How to populate a surface mount PCB

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Let’s face it friends, everything is moving toward surface mount components. We’ve seen quite a few features here that cover using stencils to populate boards and using ovens to reflow. [Oleg] has put together a tutorial on the process he uses to populate and reflow his own boards.

[Oleg] is the creator of the USB Isolator and therefore has a need to frequently populate the same board. He’s using an acrylic frame that fits the PCB perfectly to hold it in place so that paste and be applied right up to the edges of the board. He ordered a laser cut Kapton stencil for applying the solder. The paste is squeegeed into the stencil holes, the stencil is removed, and parts are placed with tweezers and a steady hand. For the final step, the boards go into an old toaster oven for reflow.

[Oleg] uses temperature marker on his boards to monitor the progress of the reflow. This marker is basically a crayon that begins to melt at a specific temperature. When the board has cooled, the melted mark can be scraped away or removed with alcohol.

Of course this is only really useful if you have a bunch of high-quality boards to populate. But with the relatively low cost of getting professionally made boards we think the need for this type of assembly process is on the rise.

Ghetto electronics repair

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After hearing that his video card might be repairable by heating it up to reflow it, this user did just that. He stripped it down and tossed it in his oven. It’s amazing how often this type of hackish repair works. We’ve heard of people using candles on ibooks, tossing video cards in oven,s and wrapping an xbox 360 in a towel and running it for 30 minutes to get it hot enough to reflow itself. Why even bother with controlled temperatures and exact measurements? What other crazy fixes have you had to employ? We had a Playstation that only worked upside down.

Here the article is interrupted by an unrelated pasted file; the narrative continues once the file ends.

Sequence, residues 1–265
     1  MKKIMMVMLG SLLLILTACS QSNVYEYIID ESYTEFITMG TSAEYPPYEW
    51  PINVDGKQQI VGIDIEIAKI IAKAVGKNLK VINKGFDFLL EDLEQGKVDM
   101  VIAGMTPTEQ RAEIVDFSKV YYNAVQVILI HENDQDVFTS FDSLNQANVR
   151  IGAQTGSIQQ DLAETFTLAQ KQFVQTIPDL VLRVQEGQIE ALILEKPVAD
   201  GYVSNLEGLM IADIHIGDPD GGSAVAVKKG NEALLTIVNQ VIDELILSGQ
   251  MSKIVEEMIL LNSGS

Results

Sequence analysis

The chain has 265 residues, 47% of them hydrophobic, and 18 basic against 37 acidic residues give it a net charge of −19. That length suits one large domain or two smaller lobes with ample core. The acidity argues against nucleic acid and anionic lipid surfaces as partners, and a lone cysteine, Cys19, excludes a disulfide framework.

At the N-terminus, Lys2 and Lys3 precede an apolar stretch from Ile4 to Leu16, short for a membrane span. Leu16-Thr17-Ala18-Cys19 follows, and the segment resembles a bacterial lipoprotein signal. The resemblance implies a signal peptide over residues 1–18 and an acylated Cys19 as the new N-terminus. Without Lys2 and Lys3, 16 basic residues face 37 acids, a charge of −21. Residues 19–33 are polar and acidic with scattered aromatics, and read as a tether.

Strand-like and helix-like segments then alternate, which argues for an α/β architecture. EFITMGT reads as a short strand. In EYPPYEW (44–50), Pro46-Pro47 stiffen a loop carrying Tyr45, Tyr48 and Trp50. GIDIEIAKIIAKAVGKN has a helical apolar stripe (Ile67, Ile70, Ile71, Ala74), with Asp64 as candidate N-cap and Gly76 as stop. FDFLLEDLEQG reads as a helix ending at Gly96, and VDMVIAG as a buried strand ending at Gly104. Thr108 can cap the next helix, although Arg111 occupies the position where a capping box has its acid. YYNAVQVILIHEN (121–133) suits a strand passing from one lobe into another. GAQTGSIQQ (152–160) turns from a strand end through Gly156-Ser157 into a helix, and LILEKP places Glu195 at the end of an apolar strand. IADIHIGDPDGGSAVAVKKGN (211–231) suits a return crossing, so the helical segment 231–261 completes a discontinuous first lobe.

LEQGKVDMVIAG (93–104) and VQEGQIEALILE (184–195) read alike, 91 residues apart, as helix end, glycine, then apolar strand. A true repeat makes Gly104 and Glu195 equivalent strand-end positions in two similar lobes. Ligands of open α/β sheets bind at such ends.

[via engadget]

Hackit: Xbox 360 hardware failures on the rise?

e74xbox

Joystiq has been tracking the new starlet of Xbox 360 failures: the E74 error. It appears as the lower right light on the console turning red and an on-screen message telling the user to contact support with the error E74. The number of reported E74 errors seems to have risen since August 2008 and people are wondering if the more recent increase in errors are related to the release of the New Xbox Experience (NXE) Dashboard update. Did Microsoft reclass Red Ring of Death (RROD) failures as E74 to avoid warranty replacements? [Read more...]

PID SMD reflow hot plate

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[mightyohm] put together a nice piece of lab kit. It’s a PID controlled hot plate. The plate is capable of reaching 500F, hot enough to do SMD reflow soldering. The large chunk of metal has a hole drilled through the center to contain a cartridge heater. A thermocouple is used to monitor the temperature of the plate. Ceramic standoffs separate the plate from the rest of the device, but he still needs to come up with a way to stop the radiant heating. The control box houses the surplus PID controller along with the power switch and solid state relay (SSR).

Reflowing with a toaster

This Reflow toaster oven project(pdf) was part of a contest back in early 2007, but it is new to us.  We’ve seen several approaches to reflowing, but a bread toaster hasn’t been one of them. This has a nice controller with a large Nokia 3310 display too.

[via Projects-Lab]

SMD soldering practice kit


Here’s an interesting kit put together just to help you work on your SMD soldering skills. It’s got 49 SMD LEDs on the front with a programming header and switch jumper. The back has an ATtiny26L and a coin cell. At only 3V, power management is essential; all of the example programs are only addressing one LED at a time (imperceptible to the human eye). If you turn on too many LEDs at the same time, the voltage drop could cause the AVR to reset. Included example programs are a scrolling marque, bouncing balls, and Conway’s game of life. SparkFun has tutorials for regular SMD soldering and using a reflow skillet. The video below shows the kit builder attaching just one LED using the heat and slide method.

[Read more...]

Solder paste fridge


MightyOhm’s laboratories have recently decided to start tackling more surface mount work. As part of this upgrade to SMD hot air reflow stations, they’re handling a lot of solder paste. Solder paste is happy at less than 50degF and above freezing, and [Jeff] didn’t want to chance that lead infiltrating his Manwich, so he built this solder paste fridge. The main unit is a standard 12V peltier based travel cooler. He attached a surplus PID controller with a K-type thermocouple to maintain the temperature while preventing the cooler from being always on. The only adjustment he really had to make was adding a bleed resistor to force the MOSFET to turn off. You can find more pictures of his project on Flickr.